Moving on to our second control, the HF level adjust. This allows you to boost the treble or remove some treble form the speaker if your room tends to make the speaker sound to bright (harsh). I kept mine at the default level of 0, but your experience may differ, play with it until it sounds how you like it.

But what do they sound like ?

KRK makes the Rokit G2 series shine on paper, but many companies make a product that looks good on paper. I have used the Rokit 6 G2 for a few days now and can say they are amazing. Even though the manual states they are for use in near field (close to the listener) configurations, they shine even as a mid field or far field monitor. The claim of being flat is true but in no way are they boring. Sure enough the so called “sweet spot” is expansive, allowing the listener to experience a good stereo image any place between the two speakers.

One concern to voice to a prospective buyer is in no way are these speakers “polite”, they do not smooth out bad source audio. If you feed them trash you will get trash out in the end. You feed them a good recording and that’s when they shine.

The highs are vibrant and never harsh unless the recording you are listening to is harsh in the first place. Bass extensions are amazing for a 6 inch woofer, in practice they seem to push out even lower than the rated 49 Hz. Even at lower listening volumes they really shine in the bass extension department. At higher volumes the bass never gets flatulent nor do the highs sound over driven. The internal amps seem to have quit a bit of head room when you decide to go for that mythical push to 11 (over the cliff).

All music I have tried from Bach to the fine classical stylings of Opeth perform amazingly well. Even with music that needs quit a bit of bass expansion do well without a sub. That said I would love to eventually add a KRK sub to the mix to see how well this would work out.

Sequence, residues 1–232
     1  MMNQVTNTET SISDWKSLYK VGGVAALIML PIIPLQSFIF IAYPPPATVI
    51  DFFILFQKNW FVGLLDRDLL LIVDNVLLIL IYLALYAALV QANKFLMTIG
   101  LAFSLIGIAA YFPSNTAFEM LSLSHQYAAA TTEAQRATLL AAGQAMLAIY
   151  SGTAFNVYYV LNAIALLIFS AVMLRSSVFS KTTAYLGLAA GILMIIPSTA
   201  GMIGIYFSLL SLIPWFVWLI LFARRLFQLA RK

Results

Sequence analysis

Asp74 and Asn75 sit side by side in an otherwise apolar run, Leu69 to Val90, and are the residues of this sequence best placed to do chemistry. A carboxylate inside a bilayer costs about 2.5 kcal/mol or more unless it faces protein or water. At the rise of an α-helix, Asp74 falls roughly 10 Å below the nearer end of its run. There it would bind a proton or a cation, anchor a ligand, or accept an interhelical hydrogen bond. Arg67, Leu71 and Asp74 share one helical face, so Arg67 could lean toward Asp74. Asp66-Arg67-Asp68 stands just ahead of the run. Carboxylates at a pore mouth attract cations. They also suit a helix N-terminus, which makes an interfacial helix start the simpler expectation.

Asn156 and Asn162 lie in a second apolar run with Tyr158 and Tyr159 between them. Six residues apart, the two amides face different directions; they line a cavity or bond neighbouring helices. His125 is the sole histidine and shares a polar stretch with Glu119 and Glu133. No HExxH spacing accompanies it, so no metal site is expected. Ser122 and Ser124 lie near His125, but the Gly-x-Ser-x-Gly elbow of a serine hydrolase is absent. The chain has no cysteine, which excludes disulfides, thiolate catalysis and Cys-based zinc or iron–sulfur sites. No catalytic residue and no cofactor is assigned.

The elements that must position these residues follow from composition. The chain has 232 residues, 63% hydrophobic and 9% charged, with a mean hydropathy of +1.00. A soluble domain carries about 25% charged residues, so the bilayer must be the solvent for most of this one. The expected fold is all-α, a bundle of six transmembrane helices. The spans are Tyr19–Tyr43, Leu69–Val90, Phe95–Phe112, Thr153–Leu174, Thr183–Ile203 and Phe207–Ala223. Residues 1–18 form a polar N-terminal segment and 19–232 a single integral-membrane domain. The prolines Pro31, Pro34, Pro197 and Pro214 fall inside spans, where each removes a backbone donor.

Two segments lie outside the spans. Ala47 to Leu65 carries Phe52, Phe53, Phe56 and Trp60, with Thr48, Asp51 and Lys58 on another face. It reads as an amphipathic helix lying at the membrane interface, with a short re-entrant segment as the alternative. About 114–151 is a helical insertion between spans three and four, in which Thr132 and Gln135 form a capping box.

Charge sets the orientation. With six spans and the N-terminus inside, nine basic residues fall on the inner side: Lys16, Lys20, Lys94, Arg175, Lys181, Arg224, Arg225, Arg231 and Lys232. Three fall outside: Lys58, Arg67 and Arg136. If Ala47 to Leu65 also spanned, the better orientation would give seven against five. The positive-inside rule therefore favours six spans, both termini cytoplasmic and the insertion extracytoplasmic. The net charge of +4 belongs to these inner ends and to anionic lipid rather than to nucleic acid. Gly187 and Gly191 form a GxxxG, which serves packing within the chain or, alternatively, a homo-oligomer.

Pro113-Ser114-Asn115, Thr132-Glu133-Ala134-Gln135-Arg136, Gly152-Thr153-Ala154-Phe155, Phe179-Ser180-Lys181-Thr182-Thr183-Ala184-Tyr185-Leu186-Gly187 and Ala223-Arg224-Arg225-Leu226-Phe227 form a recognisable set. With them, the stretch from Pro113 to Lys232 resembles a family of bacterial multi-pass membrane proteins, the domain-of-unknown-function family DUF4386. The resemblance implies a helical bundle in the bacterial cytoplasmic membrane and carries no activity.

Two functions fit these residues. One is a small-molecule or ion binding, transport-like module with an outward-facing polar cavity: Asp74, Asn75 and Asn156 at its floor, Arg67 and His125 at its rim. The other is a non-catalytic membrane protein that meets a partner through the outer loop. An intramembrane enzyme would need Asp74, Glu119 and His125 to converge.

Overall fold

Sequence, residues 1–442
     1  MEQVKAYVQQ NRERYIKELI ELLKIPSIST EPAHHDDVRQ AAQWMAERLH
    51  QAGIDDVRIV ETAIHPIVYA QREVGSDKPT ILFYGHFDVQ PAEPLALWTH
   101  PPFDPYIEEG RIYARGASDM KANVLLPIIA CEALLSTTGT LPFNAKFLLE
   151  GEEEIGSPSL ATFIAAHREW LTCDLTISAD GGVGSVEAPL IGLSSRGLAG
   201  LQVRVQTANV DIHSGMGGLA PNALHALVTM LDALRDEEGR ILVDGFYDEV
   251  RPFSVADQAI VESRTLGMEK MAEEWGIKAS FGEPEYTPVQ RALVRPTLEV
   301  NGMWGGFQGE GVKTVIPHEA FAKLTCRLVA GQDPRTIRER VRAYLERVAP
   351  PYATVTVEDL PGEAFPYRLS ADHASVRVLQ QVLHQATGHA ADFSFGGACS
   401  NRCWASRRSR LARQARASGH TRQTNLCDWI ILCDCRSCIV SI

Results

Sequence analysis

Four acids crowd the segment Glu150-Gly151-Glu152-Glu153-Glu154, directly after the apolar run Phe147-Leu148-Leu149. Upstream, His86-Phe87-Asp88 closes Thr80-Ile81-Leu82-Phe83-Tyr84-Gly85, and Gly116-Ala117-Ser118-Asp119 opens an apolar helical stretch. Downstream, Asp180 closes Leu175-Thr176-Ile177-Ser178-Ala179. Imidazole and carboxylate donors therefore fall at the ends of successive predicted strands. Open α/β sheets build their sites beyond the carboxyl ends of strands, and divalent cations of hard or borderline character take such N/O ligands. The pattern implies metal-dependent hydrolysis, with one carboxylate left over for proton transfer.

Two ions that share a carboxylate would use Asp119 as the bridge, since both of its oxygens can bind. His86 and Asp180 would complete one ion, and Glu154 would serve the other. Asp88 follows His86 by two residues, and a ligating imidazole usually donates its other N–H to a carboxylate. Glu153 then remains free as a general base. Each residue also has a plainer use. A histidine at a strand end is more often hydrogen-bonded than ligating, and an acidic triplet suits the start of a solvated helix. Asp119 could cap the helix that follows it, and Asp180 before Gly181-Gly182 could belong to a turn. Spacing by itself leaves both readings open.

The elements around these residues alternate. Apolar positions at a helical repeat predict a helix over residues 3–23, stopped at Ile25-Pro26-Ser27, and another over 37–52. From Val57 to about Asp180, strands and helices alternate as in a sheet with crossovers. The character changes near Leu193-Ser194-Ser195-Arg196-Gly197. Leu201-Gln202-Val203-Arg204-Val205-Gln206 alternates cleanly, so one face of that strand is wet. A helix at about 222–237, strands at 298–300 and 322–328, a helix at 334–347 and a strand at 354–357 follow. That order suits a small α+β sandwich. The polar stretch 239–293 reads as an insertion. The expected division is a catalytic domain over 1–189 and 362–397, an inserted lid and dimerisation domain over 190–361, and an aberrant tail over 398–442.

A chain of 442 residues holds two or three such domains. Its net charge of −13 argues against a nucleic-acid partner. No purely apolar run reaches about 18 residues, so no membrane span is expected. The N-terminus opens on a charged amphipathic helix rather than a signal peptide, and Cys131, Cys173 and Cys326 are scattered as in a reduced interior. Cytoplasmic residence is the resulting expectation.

What else is around?

I really can not compare them to any other monitor I have listed to, the m-audio series in this price range are laughable at best comparatively, and even pricier Adam studio monitors seem like a bad value when using the KRK Rockit series.

Conclusion (worth the price?)

I could say most people will find amazing value in these speakers, e
specially when people are shelling out the same amount of money for some speaker docks from other companies. Once you give them a listen you will not go back to lesser listening experiences. You can buy the PR6′s from Amazon in the US with free shipping and no taxes. Available at Amazon UK as well.

Also check out the RP5 G1 Review.




23 Comments

Cory on August 18, 2009 3:22 PM

Great review, I’ve been toying upgrading my sound for my Cowon U3 and soon to be Zune HD players. I like the modular setup that would allow me to add a sub with little problem. My only question is how well will they fill a larger room? I have approximately 1200sqft of wide open space where I will be using these. I may borrow a friends pair of Mackie monitors to do a test and see how well it covers the room.C

Dromedary on August 18, 2009 5:29 PM

This is a comment on the question about using near field monitors in a large room.There is a reason these are marketed as ‘near field’. For a large room you need a good sized system.True, you can get a lot of dB from small speakers, but the sound would feel “small”. I am writing this from experience with a different brand of monitors.

yuki on August 18, 2009 5:51 PM

1200 square feet would be to large to get decent perceived bass extension out of these monitors… if you add the sub it should be ok though ^^ imo

Andy on August 19, 2009 2:40 AM

Great review, thanks.Just out of curiosity, what do you think provides better sound quality out of the PS3 or Xbox 360? (as seen in the picture)

yuki on August 19, 2009 11:29 PM

@andy i do not know how they would perform , the ps3 and 360 are going through the polk floor speakers the krks are setting on. I am sure they would work, they seem to work well with tv programs from my computer.

Nartub on August 20, 2009 9:17 AM

I know they should perform better than the RP5, but are they worth the extra bucks? Thanks for the review, I’m more and more convinced of buying a pair of KRKs, but I was looking for the RP5 because of the budget.

Martin on August 20, 2009 1:53 PM

i Love his ROOM..!!!!

Cory on August 21, 2009 11:15 AM

Thanks for all of the advice. I’m leaning towards 2 monitors plus a sub. Normally I’m on one end of the building so it should sound awesome.C

yuki on August 21, 2009 11:26 AM

@Nartub i think the 6 inch driver is the perfect size for decent bass extension for mid field listening… The 5 inch model should work well in the near field and should sound very good as well

Dromedary on August 21, 2009 12:13 PM